The use of an EPB fitted with disk cutters will be effective provided that the pressure in the plenum chamber is kept at a level high enough to balance the hydrostatic head in the silt. Slurry shield operation with the same restrictions would be even more effective, but at a higher cost. As a last resort, consolidation or replacement grouting may be employed behind the shield. The choice of method will depend on economics, as is often the case when selecting a construction method. If the condition exists in only a small part of a long tunnel, less efficient means may be selected for dealing with the boulder bed--even including local cut-and-cover work, if the tunnel is not too deep or the water table too high. In any case, full breasting of the face is required if the boulders are not in intimate contact with one another. It is conceivable that grout could be injected into the working face at a distance behind it so as to force out the flowing material. For such a program to be effective, it would be necessary to grout multiple points simultaneously so as to avoid development of a preferred path for escaping fines. The grout would also have to extend outside the tunnel perimeter for a sufficient distance to establish a plug which could be excavated without developing problems behind the shield. However, it must be said that in small tunnels, access for implementation of such a program is unlikely to be available.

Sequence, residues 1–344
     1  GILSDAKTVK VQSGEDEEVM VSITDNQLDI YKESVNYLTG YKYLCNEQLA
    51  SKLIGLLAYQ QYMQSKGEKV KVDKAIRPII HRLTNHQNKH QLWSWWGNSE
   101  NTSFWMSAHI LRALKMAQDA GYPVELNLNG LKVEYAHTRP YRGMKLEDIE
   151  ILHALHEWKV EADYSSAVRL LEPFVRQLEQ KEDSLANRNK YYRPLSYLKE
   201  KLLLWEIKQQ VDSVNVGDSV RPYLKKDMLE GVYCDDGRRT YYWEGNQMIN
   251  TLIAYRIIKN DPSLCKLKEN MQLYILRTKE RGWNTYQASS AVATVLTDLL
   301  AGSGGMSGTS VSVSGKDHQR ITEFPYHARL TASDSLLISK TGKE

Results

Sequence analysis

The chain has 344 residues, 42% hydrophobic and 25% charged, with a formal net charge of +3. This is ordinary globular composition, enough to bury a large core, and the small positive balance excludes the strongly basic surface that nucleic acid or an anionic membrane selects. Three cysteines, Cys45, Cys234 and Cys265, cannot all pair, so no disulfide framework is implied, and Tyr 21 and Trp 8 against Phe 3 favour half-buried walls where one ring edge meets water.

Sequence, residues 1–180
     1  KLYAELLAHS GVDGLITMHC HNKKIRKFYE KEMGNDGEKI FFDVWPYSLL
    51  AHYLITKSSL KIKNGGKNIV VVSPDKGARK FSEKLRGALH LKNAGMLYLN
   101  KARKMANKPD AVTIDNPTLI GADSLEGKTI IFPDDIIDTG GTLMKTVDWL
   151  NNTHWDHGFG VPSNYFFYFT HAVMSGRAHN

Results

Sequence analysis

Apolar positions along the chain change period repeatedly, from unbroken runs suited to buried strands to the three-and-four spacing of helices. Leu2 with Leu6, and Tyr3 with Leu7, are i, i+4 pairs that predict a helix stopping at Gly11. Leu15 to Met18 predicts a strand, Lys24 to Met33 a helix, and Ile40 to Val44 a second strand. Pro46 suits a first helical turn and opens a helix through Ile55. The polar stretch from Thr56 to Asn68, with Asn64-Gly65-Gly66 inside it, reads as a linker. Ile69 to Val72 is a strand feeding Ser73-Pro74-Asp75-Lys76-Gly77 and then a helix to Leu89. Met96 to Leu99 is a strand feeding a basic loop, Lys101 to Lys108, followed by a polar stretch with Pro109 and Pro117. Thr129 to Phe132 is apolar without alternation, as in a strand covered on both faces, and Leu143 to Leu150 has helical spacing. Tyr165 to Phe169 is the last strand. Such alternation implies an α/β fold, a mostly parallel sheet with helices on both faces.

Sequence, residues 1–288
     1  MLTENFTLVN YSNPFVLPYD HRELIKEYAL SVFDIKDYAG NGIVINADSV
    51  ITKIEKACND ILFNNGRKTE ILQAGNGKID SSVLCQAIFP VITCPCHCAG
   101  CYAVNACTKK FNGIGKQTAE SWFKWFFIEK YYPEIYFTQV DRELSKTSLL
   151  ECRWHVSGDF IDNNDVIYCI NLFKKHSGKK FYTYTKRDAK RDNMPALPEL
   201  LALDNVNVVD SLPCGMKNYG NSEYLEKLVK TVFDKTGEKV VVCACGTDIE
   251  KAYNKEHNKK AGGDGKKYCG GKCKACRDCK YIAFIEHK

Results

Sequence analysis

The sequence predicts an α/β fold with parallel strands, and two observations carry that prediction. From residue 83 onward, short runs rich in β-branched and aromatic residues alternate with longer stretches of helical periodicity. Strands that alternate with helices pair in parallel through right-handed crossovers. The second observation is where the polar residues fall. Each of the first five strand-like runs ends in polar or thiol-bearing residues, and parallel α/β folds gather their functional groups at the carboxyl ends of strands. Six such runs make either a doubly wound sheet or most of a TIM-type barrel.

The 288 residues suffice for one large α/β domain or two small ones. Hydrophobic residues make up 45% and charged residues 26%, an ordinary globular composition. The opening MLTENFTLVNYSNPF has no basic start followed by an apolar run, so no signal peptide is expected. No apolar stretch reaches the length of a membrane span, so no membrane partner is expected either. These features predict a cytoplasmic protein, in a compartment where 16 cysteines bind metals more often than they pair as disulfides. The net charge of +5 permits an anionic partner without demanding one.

8.4.2 Karstic Limestone
Karstic limestone is often riddled with solution cavities of various sizes. Depending on the geologic history of the locale in which it is found, cavities ahead of the excavation may be filled with water, mud or gravel or a combination of these. Flowing water may be present in large quantities. There may be an insufficient thickness of sound rock at tunnel elevation to provide safe support for tunneling equipment. All of these possibilities point out the need for thorough exploration before undertaking tunnel construction in limestone, particularly in an area where there is no prior history of underground construction or mining.